Subjects of Substance

BY SAMUEL H. COPPOCK


Your issue of May 2008 may well stand among the best journalism in our profession, with not only the codification of GAAP (“Framing the Future,” page 40) but a thorough discussion of the late crisis in the subprime mortgage market and the role of accounting there (“The Role of Fair Value Accounting in the Subprime Mortgage Meltdown,” page 34).

Michael R. Young is right on point that the conservative standards of reporting have brought the valuation issue to immediate attention. That is what reconciles both Paul B.W. Miller’s (conservative) fair value accounting of the balance sheet to Eugene H. Flegm’s historical (and inclusive) income statement. The difference, “unrecognized losses” after income from operations, maintains the integrity of both the income statement and the balance sheet. Some competence on the part of the user is necessary to understand this; it simply cannot be “dumbed down” any further.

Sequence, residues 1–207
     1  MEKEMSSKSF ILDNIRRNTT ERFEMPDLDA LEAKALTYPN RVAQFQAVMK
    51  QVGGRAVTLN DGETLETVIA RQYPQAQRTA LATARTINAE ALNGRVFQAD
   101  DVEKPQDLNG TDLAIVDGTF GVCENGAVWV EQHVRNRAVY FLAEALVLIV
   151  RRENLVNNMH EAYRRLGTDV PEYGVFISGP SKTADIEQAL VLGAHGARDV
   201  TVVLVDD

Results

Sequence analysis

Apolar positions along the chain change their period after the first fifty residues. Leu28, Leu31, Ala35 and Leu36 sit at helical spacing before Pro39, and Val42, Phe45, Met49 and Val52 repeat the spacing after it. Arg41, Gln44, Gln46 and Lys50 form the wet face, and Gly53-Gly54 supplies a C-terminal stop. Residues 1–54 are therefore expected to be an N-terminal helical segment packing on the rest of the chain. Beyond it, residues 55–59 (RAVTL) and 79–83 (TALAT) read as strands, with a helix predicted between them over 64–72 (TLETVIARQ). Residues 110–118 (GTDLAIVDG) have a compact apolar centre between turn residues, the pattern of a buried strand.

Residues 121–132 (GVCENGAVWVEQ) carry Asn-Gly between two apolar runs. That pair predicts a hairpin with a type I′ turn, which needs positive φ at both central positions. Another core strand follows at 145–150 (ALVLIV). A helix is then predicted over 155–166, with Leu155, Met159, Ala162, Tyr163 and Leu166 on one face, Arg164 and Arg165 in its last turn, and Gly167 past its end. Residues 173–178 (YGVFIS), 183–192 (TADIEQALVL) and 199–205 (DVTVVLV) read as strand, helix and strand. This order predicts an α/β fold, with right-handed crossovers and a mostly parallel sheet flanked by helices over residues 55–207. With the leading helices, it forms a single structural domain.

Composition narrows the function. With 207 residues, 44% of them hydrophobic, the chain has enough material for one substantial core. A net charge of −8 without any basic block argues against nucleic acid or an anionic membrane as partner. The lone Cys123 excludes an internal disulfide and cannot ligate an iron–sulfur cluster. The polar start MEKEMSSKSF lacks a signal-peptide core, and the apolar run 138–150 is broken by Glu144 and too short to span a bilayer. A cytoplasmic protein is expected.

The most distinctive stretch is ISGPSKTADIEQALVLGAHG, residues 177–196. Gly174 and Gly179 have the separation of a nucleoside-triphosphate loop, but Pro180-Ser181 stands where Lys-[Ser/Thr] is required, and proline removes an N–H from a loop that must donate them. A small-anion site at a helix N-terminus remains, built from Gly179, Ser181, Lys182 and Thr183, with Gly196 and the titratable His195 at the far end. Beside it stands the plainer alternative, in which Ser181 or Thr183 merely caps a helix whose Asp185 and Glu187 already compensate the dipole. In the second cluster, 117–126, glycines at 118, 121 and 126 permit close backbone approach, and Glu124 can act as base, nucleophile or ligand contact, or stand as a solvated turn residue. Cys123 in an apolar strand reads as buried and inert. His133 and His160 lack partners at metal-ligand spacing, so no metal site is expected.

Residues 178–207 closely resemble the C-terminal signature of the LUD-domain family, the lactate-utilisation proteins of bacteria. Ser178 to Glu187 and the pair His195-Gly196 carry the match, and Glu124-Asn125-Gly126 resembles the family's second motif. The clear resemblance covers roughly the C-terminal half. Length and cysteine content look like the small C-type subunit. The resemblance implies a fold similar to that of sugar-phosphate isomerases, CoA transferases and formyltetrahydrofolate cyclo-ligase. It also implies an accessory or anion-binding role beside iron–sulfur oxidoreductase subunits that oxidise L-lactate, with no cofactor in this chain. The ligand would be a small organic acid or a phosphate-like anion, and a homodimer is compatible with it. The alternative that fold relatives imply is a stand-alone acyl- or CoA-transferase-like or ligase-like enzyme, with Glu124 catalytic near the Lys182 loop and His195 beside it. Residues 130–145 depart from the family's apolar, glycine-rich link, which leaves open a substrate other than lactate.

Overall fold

But, the real issue is brought out quite clearly by Kenneth F. Fick (“Securitized Profits,” page 54) in his final paragraph: FASB will likely “address the removal” of “special-purpose entities.” Enron immediately comes to mind. “Special-purpose entities” are forms to move substance off the balance sheet. SPEs are subsidiaries or related parties which must be included and reported on the balance sheet in the classical manner. When do we learn?

Thank you again for a superb issue, and I look forward to more of the same.

Samuel H. Coppock, CPA
Chandler, Ariz.

 

 

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